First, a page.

Allrecipes is collaborating with eMeals to create a weekly subscription meal plan, the companies announced Monday. The service lets you choose how you want to get your food: They'll ship the ingredients for your meals through AmazonFresh and Instacart, or you can pick up your groceries at Walmart Grocery and Kroger ClickList locations.
In addition, magazines Better Homes & Gardens and EatingWell will also work with eMeals for subscription plans under their respective brands. All three companies are owned by the media company Meredith Corporation. Meal subscriptions start at $5 a month.
How it works
eMeals already offers weekly meal plans through its website with the same options for home delivery or grocery store pickup. But the Allrecipes, Better Homes & Gardens and EatingWell meals will be selected by staff nutritionists and editors at each publication, which could be a huge draw for fans of each brand and an easy way to target a large audience (Allrecipes, for example, has more than 80 million users).
Every week, each publication will provide you with a menu of seven meals. You pick the meals you want for the week through the eMeals app (available for iOS and Android).
The app will create a grocery list of all the ingredients you'll need to make that week's meals. You can also add other items to your list, even if they're not in a recipe (like paper towels or coffee filters).
Then you decide how you want to receive your groceries. You can shop on your own with the grocery list; use Walmart Grocery or Kroger Clicklist, where store employees shop for you and you pick up the groceries; or have your groceries delivered straight to your home the same day through AmazonFresh and Instacart (Shipt will also be available for shipping soon).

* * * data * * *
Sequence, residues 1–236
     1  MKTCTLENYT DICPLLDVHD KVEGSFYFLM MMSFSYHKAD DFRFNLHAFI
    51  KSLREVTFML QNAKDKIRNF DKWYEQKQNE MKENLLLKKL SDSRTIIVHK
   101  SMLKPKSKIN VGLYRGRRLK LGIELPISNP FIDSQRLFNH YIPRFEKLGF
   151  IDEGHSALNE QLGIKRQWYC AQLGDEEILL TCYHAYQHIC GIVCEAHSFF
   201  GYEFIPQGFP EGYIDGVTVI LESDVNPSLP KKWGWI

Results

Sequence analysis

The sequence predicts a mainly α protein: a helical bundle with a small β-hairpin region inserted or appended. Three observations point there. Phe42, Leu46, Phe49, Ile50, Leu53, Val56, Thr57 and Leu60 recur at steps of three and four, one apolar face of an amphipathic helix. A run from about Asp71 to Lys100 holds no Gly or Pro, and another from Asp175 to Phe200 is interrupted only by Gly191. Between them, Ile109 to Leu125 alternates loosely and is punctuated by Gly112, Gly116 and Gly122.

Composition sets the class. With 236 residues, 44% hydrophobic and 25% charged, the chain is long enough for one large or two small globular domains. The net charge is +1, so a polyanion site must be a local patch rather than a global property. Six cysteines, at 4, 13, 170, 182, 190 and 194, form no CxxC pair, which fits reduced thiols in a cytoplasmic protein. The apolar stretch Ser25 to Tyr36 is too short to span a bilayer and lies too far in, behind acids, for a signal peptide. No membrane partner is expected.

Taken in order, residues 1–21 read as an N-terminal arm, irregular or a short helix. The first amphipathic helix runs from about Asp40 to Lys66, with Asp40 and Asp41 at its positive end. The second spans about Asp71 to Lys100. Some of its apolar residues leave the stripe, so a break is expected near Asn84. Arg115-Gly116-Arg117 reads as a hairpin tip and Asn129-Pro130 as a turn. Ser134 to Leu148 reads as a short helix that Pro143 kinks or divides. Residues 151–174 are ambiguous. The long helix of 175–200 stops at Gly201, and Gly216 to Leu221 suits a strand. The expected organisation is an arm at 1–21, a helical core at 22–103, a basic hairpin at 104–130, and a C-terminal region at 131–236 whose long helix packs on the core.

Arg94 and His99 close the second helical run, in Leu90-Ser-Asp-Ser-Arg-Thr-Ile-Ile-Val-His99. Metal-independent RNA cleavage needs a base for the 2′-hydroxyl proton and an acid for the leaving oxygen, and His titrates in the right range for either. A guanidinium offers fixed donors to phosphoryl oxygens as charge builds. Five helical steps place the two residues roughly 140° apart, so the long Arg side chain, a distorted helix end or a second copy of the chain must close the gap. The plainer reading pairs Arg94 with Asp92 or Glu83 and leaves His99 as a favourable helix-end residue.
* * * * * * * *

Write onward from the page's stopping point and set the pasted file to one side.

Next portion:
Add regular groceries
eMeals is more similar to the type of grocery shopping you'd do without a meal kit: You buy regular-sized boxes, bottles, bunches and jars of groceries that you could, in theory, use for other recipes besides the ones you're cooking from your plan. As a home cook, I like the combination of having planned dishes and the ability to get some regular groceries to tide me over between meals.
These services reflect a growing interest in going to established grocery stores for meal kits as opposed to delivery-only subscriptions. In-store meal kits generated $154.6 million in sales in 2017, a growth of more than 26 percent over the previous year, according to Nielsen.
Blue Apron has taken notice of grocery store meals -- the company announced last week that it would sell its meal kits in stores. A company rep said it plans to have the meals in stores this year, but didn't have information on how much they will cost or in what stores they will be available.